Jen takes the girls on a nature walk to show them which plants are edible in case they need to survive in the wilderness. Along the way, she tells them the story about an axe murderer who took his friends out, one by one until no one was left, thoroughly scaring Mal. Terrified and unable to sleep, Mal thinks she sees something lurking outside. Is it…THE AXE MURDERER?!?!

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  • I have to admit that I got a bit confused and this was the first Lumberjanes issue that I read, which sucks because I didn’t enjoy this that much and it also diminished my enjoyment of the first issue a little bit when I finally read it.
  • There’s a main story in this issue that was good, but then at the end there was this short story that I felt didn’t add anything to the issue.
  • The best part of this is a small section at the beginning when a scary story is told to the girls, it was a bit spooky and entertaining.
  • But the rest of the story was a bit ridiculous and not as enjoyable.
  • The art on this is prettier and more delicate than in issue 1, if it doesn’t seem that way from the cover.

RATING: 3,4 STARS 

Do you read comics? Which ones would you recommend to me? Have you read any of the ones on this post?

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Mini Review: A Study in Scarlet by Arthur Conan Doyle

Hi everyone! I just wanted to mention before the review that I read this book as part of Catch up on Classics! I have been meaning to read a Sherlock Holmes book for a while and I thought this was the perfect chance.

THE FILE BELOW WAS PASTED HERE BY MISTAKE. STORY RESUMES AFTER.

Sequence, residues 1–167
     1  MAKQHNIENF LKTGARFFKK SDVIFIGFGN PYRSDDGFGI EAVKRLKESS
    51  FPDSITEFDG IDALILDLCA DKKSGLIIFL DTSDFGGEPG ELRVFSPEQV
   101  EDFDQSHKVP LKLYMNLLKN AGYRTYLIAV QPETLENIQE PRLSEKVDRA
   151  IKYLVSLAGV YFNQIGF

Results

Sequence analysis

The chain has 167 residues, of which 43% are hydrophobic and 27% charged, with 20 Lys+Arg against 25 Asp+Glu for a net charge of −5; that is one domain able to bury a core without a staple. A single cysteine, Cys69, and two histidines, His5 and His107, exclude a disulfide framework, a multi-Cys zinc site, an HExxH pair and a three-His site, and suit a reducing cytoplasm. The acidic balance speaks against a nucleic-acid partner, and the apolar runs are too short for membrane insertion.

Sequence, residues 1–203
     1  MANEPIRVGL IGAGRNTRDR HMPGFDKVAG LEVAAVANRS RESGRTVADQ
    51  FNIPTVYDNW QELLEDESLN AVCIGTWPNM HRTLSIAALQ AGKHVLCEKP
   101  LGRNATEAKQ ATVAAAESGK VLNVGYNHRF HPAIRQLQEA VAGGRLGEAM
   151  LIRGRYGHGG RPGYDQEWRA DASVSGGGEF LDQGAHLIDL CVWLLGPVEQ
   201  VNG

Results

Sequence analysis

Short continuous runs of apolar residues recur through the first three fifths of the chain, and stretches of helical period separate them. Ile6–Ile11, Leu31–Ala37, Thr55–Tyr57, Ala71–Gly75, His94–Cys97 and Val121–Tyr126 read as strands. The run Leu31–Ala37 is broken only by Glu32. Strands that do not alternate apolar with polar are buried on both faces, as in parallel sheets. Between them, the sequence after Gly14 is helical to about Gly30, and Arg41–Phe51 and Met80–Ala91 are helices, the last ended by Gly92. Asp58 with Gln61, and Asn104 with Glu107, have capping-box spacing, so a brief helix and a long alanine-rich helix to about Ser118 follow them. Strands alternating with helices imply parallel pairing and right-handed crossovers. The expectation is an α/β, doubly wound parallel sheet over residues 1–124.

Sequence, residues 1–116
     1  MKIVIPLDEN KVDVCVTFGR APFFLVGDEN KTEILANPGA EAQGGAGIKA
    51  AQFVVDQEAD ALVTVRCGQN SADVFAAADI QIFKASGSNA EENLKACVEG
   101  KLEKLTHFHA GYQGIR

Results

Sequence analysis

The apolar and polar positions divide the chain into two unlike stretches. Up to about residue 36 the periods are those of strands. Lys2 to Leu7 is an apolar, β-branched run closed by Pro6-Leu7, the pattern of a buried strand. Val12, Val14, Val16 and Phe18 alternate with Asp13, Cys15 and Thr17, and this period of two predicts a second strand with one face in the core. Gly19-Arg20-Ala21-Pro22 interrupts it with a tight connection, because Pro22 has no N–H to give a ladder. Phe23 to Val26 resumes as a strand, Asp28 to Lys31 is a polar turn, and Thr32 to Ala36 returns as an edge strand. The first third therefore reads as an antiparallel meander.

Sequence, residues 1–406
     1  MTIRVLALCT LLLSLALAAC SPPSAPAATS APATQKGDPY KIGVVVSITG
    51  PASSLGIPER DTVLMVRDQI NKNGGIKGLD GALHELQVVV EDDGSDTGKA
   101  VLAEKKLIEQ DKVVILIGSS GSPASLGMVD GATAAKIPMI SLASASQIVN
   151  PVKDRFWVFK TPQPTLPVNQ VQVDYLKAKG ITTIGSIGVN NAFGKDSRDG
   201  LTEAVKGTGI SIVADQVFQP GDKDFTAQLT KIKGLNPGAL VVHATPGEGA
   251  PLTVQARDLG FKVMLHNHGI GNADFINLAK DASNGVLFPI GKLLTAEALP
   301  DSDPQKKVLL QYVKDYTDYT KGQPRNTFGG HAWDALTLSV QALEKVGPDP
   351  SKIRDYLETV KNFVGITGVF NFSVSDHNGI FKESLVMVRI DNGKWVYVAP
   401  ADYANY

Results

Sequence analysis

a study in scarlet

Title: A Study in Scarlet

Author: Arthur Conan Doyle

Publishing date:  1887

Genre: Adult, Mystery

Pages: 143

From the moment Dr John Watson takes lodgings in Baker Street with the consulting detective Sherlock Holmes, he becomes intimately acquainted with the bloody violence and frightening ingenuity of the criminal mind.

In A Study in Scarlet , Holmes and Watson’s first mystery, the pair are summoned to a south London house where they find a dead man whose contorted face is a twisted mask of horror. The body is unmarked by violence but on the wall a mysterious word has been written in blood. The police are baffled by the crime and its circumstances. But when Sherlock Holmes applies his brilliantly logical mind to the problem he uncovers a tragic tale of love and deadly revenge . . .

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This was my first time reading any of the Sherlock Holmes books and sadly I was disappointed. My main issue with this was that the writing style is so dry and boring, which made this book hard to enjoy.

The beginning of the book was interesting because Watson and Sherlock are introduced and it’s exciting to see the first glimpse of this iconic characters, but that excitement fades away quickly because everything feels slow and boring thanks to the writing style. I was hoping once the story got to the crime solving part things would get better, and while it was a bit more captivating, I felt like I couldn’t even try to solve the mystery behind the murder, because there’s almost no clues, there’s no interrogations, and honestly, there’s barely any information about the crime that was committed.

And then, when it seems like it’s finally time to see Sherlock in action, this book jumps 20 years to the past and starts to talk about Mormons, American pioneers and even the Gold Rush. I’ll admit that this was a bit interesting – even if the writing was still very dry- because I’m not American, so I don’t know a lot of the history that it’s glimpsed in this part of the book.

The ending was ok and things were explained, but what I found weird is that if you have 20 years to plan a crime, you wouldn’t leave so many thing to chance. That didn’t make sense to me and it made me wonder why Sherlock Holmes found the crime so interesting. Anyway, I will give another Sherlok Holmes book a chance, since I think maybe a book with a different case will be more enjoyable for me.

Rating: 3 stars

Have you read any of the Sherlock Holmes books? Which one do you think I should pick up next?

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Book Review: In An Absent Dream by Seanan McGuire